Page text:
On top of all the excitement exploring outside we also had an exciting Airbnb experience. On the first night in the Airbnb we discovered a tarantula hanging out in our bedroom. The process of killing it was a lot more stimulation then we wanted that night. Some of us had a harder time sleeping without one eye open.
Hiring a boat
Despite my urge to ensure we had a way to the Island, we waited to book a boat ahead of time. Why do this? After reading fellow travelers experiences getting to Komodo Island we realized it was way more of a risk. One in particular gave me complete resolve after reading about her shipwreck experience.
Waiting until you’re in Labuan Bajo gives you the advantage of seeing the boat and crew before trusting your life to them. Don’t trust the online boat pictures, most are fake. Talk to the captain beforehand and if they don’t allow you to see the boat before you book (red flag) don’t book with them! It sounded exciting to do an overnight excursion, but it didn’t seem right when the captain mentioned that there was going to be a storm. Even though he insisted it would be fine we went with our guts and booked a day excursion instead.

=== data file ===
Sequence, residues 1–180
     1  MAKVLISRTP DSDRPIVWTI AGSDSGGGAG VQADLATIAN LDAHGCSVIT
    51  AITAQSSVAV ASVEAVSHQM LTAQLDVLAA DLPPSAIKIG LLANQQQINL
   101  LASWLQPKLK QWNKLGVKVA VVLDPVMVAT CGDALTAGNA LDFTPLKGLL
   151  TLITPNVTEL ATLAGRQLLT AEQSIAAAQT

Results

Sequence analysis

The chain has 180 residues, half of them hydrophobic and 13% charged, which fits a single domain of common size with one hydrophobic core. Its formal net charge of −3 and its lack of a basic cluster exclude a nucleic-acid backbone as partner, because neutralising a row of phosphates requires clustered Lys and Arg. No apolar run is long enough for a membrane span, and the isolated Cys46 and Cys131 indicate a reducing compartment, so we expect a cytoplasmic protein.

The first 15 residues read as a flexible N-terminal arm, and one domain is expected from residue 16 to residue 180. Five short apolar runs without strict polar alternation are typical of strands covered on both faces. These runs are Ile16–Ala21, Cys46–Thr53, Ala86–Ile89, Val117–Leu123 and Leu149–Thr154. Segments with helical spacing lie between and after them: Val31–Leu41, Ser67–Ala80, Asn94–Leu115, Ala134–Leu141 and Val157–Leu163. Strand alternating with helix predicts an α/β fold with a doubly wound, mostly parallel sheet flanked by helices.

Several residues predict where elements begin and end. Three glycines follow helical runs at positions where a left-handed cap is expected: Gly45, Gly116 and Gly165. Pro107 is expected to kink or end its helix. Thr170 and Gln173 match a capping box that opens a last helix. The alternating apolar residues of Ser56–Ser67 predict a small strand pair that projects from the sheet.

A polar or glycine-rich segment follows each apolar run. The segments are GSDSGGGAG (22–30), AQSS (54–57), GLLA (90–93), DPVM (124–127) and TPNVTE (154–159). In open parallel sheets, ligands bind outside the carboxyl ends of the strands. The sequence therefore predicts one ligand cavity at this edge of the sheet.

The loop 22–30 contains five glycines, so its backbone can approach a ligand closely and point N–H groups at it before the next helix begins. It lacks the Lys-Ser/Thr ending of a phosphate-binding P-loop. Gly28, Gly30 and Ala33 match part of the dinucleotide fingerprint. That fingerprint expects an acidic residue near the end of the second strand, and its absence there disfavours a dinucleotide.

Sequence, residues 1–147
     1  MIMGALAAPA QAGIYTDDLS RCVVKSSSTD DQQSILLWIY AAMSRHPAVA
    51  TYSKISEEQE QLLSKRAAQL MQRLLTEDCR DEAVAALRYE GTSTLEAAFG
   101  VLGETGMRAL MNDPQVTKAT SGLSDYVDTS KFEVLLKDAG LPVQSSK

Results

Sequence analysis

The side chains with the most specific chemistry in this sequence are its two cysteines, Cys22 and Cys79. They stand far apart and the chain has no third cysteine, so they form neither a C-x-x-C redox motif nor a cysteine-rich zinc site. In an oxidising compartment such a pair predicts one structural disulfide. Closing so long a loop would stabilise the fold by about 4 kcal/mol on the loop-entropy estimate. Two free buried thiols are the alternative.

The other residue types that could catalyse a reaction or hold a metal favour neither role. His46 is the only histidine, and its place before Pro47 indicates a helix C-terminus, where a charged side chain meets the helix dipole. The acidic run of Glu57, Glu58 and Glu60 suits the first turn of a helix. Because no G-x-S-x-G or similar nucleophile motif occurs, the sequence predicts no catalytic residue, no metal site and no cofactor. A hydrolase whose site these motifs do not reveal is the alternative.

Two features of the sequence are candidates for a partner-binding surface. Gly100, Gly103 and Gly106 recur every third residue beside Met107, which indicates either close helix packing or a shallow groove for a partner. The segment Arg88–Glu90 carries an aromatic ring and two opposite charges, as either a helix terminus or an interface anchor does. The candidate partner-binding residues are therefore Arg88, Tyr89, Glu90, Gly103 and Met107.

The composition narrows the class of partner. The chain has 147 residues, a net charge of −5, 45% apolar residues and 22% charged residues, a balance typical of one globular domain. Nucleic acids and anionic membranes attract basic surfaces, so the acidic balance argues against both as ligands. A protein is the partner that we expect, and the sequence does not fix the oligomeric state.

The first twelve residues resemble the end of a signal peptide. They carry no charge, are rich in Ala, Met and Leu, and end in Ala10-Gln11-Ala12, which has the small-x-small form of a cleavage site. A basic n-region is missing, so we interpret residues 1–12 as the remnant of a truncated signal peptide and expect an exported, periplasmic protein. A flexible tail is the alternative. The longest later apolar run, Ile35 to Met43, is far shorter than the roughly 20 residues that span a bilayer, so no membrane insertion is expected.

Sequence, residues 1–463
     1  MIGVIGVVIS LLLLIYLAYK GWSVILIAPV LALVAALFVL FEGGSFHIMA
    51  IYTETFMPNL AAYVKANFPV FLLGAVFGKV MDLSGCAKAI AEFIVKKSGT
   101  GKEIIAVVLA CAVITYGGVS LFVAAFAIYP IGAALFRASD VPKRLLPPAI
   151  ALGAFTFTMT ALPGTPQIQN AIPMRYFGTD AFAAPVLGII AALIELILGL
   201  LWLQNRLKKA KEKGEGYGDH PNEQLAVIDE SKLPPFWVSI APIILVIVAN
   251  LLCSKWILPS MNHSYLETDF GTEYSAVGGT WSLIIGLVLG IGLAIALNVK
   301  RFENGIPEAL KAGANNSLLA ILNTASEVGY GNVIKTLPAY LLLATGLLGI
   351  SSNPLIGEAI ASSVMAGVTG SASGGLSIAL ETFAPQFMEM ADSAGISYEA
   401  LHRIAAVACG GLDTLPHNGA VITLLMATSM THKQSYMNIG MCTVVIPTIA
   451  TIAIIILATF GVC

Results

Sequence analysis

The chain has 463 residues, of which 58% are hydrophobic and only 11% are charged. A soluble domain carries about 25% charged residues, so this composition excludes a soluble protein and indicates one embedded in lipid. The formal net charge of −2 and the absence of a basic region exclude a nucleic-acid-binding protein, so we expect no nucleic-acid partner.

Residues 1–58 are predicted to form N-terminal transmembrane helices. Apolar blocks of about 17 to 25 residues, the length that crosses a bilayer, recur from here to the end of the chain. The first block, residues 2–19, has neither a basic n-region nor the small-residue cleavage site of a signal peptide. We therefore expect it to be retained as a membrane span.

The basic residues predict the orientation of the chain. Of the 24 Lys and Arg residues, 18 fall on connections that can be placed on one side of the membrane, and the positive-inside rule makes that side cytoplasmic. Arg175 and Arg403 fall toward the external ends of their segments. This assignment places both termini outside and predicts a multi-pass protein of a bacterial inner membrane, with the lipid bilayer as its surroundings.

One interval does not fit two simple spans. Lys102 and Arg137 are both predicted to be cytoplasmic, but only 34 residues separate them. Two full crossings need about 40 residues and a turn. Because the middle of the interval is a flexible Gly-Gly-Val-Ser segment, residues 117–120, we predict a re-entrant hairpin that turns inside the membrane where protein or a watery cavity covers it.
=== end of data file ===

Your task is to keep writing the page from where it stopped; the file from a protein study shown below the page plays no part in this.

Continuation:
We gave ourselves 2 days to explore the Komodo Islands hoping we could do an overnight stay on the boat, but it was also a good cushion in case there weren’t any boats for one of the days and we could at least do a day trip. The night before we wanted to go we went to the harbor to price check and book with one of the few tour groups. After getting a feel for which tour we’d want to do and which company seemed the best in quality we haggled the price down to 375,000 IR per person (27 USD) for a day tour.
Our boat left the harbor in the early hours of the morning as the sun rose. As the captain set sail for the islands we napped on the top deck. After a couple hours passed the bright sun woke us and we made banana chocolate sandwiches. Soon after our boat docked at the first stop; Padar. This island was incredible, I felt like Simba seeing all the land that the light touched belonged to me for exploring.
After hiking we washed away the heat by jumping off the boat into the cool water. The crew pointed and yelled, “shark!” Only to quickly laugh after like it was the first time they’d ever made the joke.
Swimming with jellyfish